"I appreciate the kind sentiments expressed in your letter. But I am mindful of the dictum of our sages of the Talmud (B.M. end of page 84A) to the effect that compliments and approbations, however justified, do not help to clarify issues, whereas a question or challenge, requiring an answer or explanation, can be more helpful to bring out important practical points and elucidations...

"There is no need, of course, to point out to you that when the question Ayecka is raised, it is likely to refer to the individual and his immediate family, while the same question put to a person of influence and communal responsibility... the question calls for an assessment as to where he stands and what he has accomplished in the public domain..."

The rebbe then expresses his conviction that efforts to win over the younger generation by offering them a diluted Judaism are self defeating for that "generation is not afraid of a challenge even if it should entail radical change and great hardship ...."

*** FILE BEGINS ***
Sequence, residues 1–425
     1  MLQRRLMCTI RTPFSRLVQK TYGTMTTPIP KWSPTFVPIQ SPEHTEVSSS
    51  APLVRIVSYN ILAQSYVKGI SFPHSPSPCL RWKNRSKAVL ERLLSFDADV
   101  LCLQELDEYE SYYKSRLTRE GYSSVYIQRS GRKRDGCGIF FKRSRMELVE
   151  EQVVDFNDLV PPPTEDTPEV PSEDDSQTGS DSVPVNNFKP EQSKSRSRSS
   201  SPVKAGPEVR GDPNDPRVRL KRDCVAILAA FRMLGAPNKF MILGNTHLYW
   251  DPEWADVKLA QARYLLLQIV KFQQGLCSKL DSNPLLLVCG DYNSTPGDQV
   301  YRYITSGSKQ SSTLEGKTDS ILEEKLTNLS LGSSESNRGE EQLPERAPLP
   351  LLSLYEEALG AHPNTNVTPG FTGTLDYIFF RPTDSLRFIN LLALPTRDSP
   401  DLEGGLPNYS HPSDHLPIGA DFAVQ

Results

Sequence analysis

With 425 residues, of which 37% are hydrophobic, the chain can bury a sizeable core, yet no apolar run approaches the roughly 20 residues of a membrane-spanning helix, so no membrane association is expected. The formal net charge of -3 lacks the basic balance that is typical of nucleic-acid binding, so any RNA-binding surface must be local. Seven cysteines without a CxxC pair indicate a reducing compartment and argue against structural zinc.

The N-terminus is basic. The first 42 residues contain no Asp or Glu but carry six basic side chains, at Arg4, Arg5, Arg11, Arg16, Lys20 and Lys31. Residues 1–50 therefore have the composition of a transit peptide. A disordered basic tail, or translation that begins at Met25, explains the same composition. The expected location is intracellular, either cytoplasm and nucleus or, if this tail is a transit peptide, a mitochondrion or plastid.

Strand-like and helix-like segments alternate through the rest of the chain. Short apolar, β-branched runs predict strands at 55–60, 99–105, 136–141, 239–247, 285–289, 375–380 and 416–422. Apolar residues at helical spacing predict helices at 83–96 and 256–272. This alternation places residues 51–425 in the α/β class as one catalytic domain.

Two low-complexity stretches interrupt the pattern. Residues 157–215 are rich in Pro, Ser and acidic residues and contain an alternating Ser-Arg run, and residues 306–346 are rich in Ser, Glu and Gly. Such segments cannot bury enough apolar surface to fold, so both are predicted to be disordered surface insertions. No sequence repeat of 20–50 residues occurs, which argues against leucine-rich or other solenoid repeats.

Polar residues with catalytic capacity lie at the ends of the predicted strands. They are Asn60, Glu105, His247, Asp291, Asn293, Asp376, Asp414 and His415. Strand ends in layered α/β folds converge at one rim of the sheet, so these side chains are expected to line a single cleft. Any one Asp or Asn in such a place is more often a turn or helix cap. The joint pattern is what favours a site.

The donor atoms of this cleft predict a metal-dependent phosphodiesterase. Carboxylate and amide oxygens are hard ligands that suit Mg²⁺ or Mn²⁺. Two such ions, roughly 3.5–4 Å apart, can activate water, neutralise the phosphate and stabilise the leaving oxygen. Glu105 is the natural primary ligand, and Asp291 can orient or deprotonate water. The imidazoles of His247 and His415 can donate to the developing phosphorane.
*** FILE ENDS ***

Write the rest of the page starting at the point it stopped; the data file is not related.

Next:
"I speak," the rebbe goes on, "of living Yiddishkeit in daily life and conduct in terms of actual observance ...not the kind of Judaism that is practiced on certain occasions, or on certain days of the year, but every day, until the habit becomes second nature....

"Now a word about my Ayecka to which you refer at the end of your letter. Certainly it includes all that has been said above, and more. I wonder what were the 'practical' results of our meeting and discussion with you and your wife, when I was not only a listener but a speaker. My Ayecka makes me wonder to what extent were my words effective — not in terms of pleasant recollections, but in terms of ma'aseh ikar.